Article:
Losing your top performers to burnout? Here’s what you need to know

Dr. Jay Spence


written on July 13, 2017

For the same reasons they excel at their jobs, your top performers are susceptible to burnout, and depression. This case study shows how we can better manage it by talking openly about mental health issues in the workplace.

Sienna was never supposed to burnout. At least, that’s what she told herself. She was a high achiever, consistently in the top 5 per cent, and had been noted for her leadership development each year she’d been with the company. So how would she ever be able to tell people that she wasn’t doing well? Failure felt like it was not an option.

What mental illness looks like is different for different people

Something like this is happening in every office right now: top performers are experiencing burnout and profound professional isolation because asking for help means risking their image (and self-image) of being successful and dependable. Unless businesses start to normalise burnout, star employees like Sienna won’t reach out for help until it’s too late, at substantial cost to both employee and employer.

Sienna’s habitually pushed herself; focusing on her goals and ignoring her needs. She noticed her mistakes more than her successes, and listened to the internal voice constantly telling her she wasn’t there yet. Ultimately, she never felt good enough. In a word, she was depressed.

We all have this voice. We cover it up with distractions and, in some cases, unhealthy habits. Sienna, had no idea she was experiencing depression. To her, she just had to try harder because she wasn’t good enough.

The barriers to managing mental health issues in the workplace

You don’t get help unless you think there is a problem. High performers see themselves as problem solvers, not problem makers, and definitely not a ‘problem’ – for them being either of those things is literally unthinkable.  Their mood suffers, as do their relationships – both at work and personally.

Sienna was eventually placed on performance management because of her lateness and mistakes. She began to drink more and HR was looking at letting her go after years of success.

The path forward

Fortunately, there is a happy ending to this story – although you can imagine that at this point many former high achievers would be quietly let go. Sienna managed to recognise she needed help and reached out to a colleague in a different department, someone she’d always respected.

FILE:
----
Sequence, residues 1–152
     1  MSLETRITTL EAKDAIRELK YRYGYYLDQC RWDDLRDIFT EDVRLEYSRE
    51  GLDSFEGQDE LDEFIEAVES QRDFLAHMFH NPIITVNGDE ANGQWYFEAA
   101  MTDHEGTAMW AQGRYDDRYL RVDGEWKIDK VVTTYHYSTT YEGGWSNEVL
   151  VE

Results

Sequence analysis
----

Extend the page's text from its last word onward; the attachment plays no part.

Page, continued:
This colleague did something remarkable: he disclosed his own mental health struggles. Suddenly she was standing in front of a man that she had always thought “had it all together” telling her that he’d been through the same thing. The effect was transformational. She suddenly could access the language to describe her experience. She could say she was depressed, but instead of being another source of self-loathing, it was made normal by her colleague.

Starting conversations about mental health

Legitimising mental health struggles is crucial – because depression is something most of us experience at some stage. Many people think of it as a severe condition, where someone is incapacitated. And of course it can be, but you are more likely to experience it as a state of being easily overwhelmed, irritable and lacking motivation for a dark, but limited time.

Here are two things you might want to consider for your business.

Talking about mental health doesn’t need to be hard. The most appropriate response is the same one that you’d give to an employee who’d suffered a serious physical injury. Would you send a card if someone was off sick for a month? Of course. Would you do the same if they were off with depression? The answer should be yes.

Dr Jay Spence is a co-founder of Uprise, a mental health startup that uses technology to improve access to psychological support in the workplace.

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